Additionally, Wright cites Steven Greenberg, the author of Wrestling with God and Men : Homosexuality in the Jewish Tradition, who “…links the quest for homosexual rights to the feminist debate, arguing that the Levitical codes regard same-sex relations between men as abhorrent because such acts are seen as feminizing the male…”. The idea is that if you take away the sexist hierarchy of ancient Jewish culture, you also rid yourself of the stigma of homosexuality. Greenberg, and Wright by extension, argue that adherence to traditional gender roles created the laws in Leviticus that outlaw homosexual behavior, rather than homosexuality being anathema to God itself.
Already many Conservative circles and almost all Reformed communities of Judaism have embraced non-traditional gender roles. In fact, Wright points out in her chapter on gender that many Conservative congregations now are beginning to be open to female Rabbis, and Reformed communities have coined the term ‘Rabba’ to describe a female Rabbi. This argument that prohibitions against homosexual behavior centers around male hierarchy and traditional gender roles is one of the clearest explanations and refutations of Torah law I’ve come across.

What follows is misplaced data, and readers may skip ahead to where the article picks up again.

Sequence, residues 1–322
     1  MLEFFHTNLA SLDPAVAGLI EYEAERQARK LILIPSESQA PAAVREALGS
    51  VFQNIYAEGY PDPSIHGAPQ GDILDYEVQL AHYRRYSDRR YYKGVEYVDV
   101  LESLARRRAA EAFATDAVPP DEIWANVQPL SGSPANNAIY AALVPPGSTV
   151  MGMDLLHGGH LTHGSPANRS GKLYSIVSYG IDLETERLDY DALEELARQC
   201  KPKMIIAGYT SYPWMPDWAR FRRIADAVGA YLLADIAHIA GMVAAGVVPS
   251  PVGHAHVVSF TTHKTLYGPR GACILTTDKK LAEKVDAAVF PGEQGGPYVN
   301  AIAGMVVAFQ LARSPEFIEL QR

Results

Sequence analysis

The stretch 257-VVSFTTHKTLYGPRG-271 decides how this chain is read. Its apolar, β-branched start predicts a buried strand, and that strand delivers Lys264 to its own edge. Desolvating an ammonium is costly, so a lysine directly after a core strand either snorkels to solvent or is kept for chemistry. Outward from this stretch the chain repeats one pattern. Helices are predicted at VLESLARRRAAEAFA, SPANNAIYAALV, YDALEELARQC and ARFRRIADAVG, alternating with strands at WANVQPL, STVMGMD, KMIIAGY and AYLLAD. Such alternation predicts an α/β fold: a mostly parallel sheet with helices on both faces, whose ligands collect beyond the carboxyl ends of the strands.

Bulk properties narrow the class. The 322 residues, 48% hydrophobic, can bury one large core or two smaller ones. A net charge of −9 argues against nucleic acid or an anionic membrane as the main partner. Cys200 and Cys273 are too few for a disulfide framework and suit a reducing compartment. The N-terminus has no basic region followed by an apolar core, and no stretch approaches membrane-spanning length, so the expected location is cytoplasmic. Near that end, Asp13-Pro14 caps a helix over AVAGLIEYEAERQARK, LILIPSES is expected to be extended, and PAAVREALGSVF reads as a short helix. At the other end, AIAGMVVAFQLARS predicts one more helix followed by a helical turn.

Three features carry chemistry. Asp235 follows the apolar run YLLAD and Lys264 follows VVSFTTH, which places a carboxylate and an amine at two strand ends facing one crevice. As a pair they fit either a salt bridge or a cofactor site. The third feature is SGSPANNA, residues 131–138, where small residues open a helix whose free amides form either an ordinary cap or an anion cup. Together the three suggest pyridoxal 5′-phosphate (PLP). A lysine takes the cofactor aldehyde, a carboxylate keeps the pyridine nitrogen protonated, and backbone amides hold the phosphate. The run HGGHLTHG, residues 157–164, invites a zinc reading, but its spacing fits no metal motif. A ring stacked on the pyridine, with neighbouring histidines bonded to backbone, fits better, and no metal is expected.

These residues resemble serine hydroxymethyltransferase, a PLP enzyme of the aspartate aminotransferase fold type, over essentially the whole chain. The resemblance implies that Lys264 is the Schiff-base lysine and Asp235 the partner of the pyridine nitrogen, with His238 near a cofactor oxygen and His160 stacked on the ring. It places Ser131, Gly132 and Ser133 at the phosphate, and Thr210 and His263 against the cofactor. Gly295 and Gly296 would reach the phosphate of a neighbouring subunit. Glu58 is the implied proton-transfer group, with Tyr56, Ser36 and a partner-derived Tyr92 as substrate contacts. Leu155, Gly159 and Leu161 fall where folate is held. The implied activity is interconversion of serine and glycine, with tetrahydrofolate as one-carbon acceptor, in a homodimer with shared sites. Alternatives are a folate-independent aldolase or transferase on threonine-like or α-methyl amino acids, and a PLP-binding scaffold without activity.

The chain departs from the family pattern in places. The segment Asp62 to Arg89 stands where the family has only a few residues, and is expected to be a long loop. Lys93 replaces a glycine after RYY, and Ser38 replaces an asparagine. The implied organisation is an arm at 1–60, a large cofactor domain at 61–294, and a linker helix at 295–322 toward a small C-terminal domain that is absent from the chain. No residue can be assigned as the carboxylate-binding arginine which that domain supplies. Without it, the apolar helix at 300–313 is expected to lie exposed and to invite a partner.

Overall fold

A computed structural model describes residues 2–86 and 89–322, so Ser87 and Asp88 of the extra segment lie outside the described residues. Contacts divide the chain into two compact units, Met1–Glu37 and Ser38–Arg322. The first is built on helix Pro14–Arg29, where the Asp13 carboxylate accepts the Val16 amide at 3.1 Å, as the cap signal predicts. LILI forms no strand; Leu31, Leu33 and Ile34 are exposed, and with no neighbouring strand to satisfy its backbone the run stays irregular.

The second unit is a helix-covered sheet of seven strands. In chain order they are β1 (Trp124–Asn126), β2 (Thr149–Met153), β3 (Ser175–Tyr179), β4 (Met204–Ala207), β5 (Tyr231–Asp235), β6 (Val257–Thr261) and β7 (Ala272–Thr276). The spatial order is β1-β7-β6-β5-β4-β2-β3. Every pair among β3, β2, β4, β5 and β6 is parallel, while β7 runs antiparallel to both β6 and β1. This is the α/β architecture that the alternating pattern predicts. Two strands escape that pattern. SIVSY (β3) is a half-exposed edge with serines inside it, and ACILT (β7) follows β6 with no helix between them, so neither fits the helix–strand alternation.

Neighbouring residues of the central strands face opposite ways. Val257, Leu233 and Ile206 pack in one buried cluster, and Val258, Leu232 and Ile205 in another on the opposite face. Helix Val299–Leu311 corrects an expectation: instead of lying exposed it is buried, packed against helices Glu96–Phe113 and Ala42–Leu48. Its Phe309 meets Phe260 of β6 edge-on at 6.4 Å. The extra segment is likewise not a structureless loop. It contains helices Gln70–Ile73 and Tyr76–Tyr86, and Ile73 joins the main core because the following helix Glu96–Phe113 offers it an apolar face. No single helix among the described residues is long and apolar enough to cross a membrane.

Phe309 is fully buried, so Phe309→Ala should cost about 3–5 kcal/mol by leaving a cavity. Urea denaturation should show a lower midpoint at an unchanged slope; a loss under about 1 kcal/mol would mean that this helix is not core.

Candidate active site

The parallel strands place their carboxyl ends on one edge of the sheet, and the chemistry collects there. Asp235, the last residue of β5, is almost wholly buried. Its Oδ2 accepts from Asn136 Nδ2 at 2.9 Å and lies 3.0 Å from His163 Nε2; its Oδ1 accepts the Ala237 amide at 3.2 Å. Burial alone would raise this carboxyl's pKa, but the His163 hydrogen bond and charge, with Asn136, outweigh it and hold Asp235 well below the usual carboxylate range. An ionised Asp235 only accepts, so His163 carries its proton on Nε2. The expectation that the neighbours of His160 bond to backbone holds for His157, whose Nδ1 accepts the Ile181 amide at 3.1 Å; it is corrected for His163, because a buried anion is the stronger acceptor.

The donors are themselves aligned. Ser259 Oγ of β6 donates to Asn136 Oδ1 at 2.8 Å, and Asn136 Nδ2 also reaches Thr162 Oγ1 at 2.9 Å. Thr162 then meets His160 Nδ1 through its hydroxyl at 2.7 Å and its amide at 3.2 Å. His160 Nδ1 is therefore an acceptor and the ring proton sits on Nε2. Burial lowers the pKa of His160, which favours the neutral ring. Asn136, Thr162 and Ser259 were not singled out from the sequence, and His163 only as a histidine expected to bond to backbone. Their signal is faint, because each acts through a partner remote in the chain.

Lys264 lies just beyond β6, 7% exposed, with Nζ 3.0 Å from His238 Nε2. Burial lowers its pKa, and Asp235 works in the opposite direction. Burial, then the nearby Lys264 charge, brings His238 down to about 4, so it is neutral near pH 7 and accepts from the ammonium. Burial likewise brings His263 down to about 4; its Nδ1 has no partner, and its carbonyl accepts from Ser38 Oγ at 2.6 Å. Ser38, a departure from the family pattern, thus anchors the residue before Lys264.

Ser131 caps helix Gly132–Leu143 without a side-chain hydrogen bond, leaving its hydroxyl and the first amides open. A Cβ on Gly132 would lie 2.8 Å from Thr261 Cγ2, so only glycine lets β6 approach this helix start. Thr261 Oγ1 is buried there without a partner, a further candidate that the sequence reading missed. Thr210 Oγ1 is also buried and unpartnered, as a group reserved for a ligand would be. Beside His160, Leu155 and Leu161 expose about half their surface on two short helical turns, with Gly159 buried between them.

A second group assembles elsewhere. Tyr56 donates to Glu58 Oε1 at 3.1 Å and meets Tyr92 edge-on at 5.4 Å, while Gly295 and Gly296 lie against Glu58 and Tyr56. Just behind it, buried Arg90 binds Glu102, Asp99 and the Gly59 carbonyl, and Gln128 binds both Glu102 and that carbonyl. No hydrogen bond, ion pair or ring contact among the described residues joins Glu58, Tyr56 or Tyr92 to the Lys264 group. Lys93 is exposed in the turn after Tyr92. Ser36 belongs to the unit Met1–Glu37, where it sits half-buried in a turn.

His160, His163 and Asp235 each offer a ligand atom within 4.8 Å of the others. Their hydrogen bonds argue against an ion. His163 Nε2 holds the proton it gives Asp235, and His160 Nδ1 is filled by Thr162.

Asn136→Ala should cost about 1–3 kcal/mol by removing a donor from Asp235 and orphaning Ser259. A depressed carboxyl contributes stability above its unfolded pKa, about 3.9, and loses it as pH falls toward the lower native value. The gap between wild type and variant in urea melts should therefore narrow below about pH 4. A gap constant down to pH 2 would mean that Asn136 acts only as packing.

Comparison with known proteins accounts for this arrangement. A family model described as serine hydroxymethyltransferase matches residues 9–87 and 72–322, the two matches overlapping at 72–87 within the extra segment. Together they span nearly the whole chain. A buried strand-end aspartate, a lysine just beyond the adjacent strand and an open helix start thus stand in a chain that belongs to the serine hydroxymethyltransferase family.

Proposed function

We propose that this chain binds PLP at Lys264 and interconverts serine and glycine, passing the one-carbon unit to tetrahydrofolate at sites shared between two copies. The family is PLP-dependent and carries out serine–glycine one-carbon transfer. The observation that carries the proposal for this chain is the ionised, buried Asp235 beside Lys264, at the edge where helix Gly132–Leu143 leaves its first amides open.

Reformed denominations don’t share the same literal interpretations of the law books in the Torah that many Conservative and Orthodox Jews have, but rather incorporate historical context and evolving modern perspectives in study of the Torah. This often leads to more tolerant and progressive interpretations and discards some of the more anachronistic and archaic Jewish laws.
Beyond the Dichotomy: Six Religious Views of Homosexuality
Moon, Dawne. “Beyond the Dichotomy: Six Religious Views of Homosexuality” Journal of Homosexuality, vol. 61, no. 9, Sept. 2014, pp. 1215-1241. EBSCOhost, doi:10.1080/00918369.2014.926762
Dwayne Moon offers six different views of the way homosexuality is seen by American Christianity and Judaism. His mission is to break the dichotomy of ‘born gay, sinful choice’ and explore six distinct views of Religious communities on human sexuality. These six views are ‘God Hates Fags’, Love the Sinner, Hate the Sin’, ‘We Don’t Talk About That’, ‘They Can’t Help It’, ‘God’s Good Gift’, and ‘Godly Calling’. The article moves through these six views, from ‘Homonegative’ to Moderate to ‘Homopositive’.